It was only two years ago that Cloudera, once one of the top vendors in what had been a white-hot Hadoop market, found itself fighting for survival. Hadoop, the open-source data analytics technology that a decade ago was seen as the answer to enterprises’ large-scale data analytics and management woes, was being batted about in a fast-evolving market that saw public cloud providers like Amazon Web Services, Microsoft Azure, and Google Cloud increasingly becoming the destination of choice for such workloads.
Enterprises were rapidly putting Hadoop in the rear-view mirror as they opted to ditch the costs and management headaches that came with running these applications on premises and instead manage, store and analyze their data in the public cloud. By 2018, the fate of Hadoop was coming into clear focus. Organizations not only had the cloud, but also a growing menu of other in-memory and accelerated databases and object store that they could use rather than Hadoop and its HDFS file system.
The companies that had made their coin offering commercial Hadoop-based solutions – primarily Cloudera, Hortonworks, and MapR Technologies – were scrambling to find some traction somewhere in a muddy road that had them stuck in the muck. Cloudera in early 2019 closed its $5.2 billion merger with Hortonworks and but that year still found bookings by existing customers slowing as competition from public cloud providers continued to grow.
In the middle of the year, MapR announced it was just weeks away from shutting down operations unless it could either find more financing or a buyer. In August 2019, Hewlett Packard Enterprise said it was buying MapR to bolster its big data portfolio and capabilities in artificial intelligence (AI), machine learning and analytics.
However, in March that same year, Cloudera launched its Cloudera Data Platform (CDP), a hybrid cloud and multicloud data management solution designed to make it easier for enterprises to run and move their AI and analytics applications and data from one location to another, stretching from the datacenter to the clou and out to the edge and delivering real-time insights from the massive amounts of data modern organizations generate. It came with automation and intelligent migration capabilities, offer consistency in such areas as security, compliance and governance and worked with the leading public cloud providers.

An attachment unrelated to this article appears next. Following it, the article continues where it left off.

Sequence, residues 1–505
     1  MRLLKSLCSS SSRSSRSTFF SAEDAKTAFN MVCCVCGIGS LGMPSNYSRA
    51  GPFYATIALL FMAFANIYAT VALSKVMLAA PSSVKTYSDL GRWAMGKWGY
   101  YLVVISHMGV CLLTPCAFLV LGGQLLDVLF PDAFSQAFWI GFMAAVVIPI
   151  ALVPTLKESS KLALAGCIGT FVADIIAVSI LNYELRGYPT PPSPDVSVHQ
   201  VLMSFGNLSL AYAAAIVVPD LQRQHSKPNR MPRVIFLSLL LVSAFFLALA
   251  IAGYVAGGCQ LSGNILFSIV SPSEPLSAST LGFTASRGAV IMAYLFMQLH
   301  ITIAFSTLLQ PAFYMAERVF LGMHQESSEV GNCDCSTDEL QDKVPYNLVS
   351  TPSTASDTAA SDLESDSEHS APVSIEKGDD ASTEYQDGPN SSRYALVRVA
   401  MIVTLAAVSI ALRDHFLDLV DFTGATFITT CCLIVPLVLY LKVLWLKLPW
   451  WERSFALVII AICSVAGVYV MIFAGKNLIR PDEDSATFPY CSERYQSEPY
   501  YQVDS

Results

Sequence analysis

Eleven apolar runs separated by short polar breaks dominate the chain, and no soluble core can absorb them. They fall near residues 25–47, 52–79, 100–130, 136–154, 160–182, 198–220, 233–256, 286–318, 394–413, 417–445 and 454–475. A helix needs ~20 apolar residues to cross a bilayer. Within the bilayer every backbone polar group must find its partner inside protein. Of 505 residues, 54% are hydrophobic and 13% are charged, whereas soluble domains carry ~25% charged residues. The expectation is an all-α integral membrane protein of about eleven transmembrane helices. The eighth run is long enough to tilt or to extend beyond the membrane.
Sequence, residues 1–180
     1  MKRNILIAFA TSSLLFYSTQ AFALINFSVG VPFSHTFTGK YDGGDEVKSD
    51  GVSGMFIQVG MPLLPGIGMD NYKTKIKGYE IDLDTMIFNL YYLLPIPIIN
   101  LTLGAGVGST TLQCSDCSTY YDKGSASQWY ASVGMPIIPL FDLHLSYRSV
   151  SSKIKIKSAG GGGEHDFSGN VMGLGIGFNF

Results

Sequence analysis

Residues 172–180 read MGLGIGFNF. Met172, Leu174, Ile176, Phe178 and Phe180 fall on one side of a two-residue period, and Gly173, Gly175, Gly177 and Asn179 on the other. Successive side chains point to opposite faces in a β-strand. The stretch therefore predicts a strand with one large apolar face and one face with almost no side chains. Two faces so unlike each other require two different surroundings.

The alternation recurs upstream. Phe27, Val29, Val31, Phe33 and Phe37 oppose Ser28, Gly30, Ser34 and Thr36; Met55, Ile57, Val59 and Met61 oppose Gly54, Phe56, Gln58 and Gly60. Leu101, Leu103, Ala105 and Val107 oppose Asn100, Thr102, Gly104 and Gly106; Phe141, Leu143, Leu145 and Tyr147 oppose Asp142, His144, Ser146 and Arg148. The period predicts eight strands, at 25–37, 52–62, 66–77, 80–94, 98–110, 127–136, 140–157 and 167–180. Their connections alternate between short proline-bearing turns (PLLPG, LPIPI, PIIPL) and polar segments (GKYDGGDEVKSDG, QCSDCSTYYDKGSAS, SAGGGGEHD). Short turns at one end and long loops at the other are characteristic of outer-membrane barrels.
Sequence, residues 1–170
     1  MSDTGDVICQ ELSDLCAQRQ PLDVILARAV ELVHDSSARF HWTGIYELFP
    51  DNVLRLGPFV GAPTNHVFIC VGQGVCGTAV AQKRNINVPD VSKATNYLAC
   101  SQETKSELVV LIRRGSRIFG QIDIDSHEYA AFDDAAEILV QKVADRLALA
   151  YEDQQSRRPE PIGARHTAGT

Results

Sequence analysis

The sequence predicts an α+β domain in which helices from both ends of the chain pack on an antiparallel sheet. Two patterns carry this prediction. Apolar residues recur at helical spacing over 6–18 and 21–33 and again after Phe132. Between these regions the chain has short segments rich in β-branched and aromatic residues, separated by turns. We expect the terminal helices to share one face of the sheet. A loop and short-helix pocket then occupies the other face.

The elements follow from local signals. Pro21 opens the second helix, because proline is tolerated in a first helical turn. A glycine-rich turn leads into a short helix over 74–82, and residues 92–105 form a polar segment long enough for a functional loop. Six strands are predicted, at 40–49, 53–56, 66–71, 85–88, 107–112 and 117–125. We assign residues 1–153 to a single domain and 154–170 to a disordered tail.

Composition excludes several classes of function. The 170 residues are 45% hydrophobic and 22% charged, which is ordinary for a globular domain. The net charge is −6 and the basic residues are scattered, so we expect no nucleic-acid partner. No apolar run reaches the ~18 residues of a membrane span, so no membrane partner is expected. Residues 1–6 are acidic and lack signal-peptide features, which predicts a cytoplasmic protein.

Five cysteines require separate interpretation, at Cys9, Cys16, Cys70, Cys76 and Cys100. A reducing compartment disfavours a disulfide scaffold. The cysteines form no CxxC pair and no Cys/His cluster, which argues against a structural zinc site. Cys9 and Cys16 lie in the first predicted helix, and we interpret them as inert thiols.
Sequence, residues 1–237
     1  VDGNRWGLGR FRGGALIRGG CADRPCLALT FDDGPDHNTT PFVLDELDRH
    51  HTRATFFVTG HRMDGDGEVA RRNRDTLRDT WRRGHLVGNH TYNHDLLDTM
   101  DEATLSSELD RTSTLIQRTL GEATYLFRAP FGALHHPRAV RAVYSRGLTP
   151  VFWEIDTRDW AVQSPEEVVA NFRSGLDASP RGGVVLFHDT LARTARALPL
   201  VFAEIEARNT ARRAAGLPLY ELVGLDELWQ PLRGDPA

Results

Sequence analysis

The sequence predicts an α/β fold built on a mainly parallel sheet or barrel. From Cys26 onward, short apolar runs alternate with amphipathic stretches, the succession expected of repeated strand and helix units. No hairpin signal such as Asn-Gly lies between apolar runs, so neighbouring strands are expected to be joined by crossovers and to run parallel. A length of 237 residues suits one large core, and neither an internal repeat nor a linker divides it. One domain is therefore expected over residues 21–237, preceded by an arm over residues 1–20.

Fast forward two years and CDP has become foundational to Cloudera’s resurgence. In its fiscal year 2021 third quarter, which ended Oct. 31, 2020, the company saw revenue jump year-over-year by 10 percent, to $217.9 million, and subscription revenue come in at $197.4 million, an 18 percent increase. Annualized recurring revenue grew 12 percent. During the quarter, the company saw a 40 percent rise in the number of paying customers for its CDP Public Cloud and released CDP Private Cloud, a hybrid cloud platform whose offerings include analytics running on a containerized compute cloud, a highly scalable object store and a secure data lake.
The CDP enterprise data cloud now offers cloud-native analytics for Data Engineering, Data Warehousing and Machine Learning and can run in AWS and Azure as well as a on-premises private clouds.
“As for Hadoop, it is just one of 30-plus open-source projects that underpins Cloudera Data Platform,” Krishna Maheshwari, senior director of product management at Cloudera, tells The Next Platform. “From a business point of view, it is a small portion, but it is still there. Today, we think of Hadoop more as a philosophy than a technology.”
The company this week is announcing the availability of the Operational Database for the CDP on AWS and Azure. The new offering is a fully managed cloud native operational database designed for scalability and reliability that also can run on premises in a private cloud. It automatically scales, heals and tunes depending on the workload, enabling application developers to deliver prototypes in less than an hour.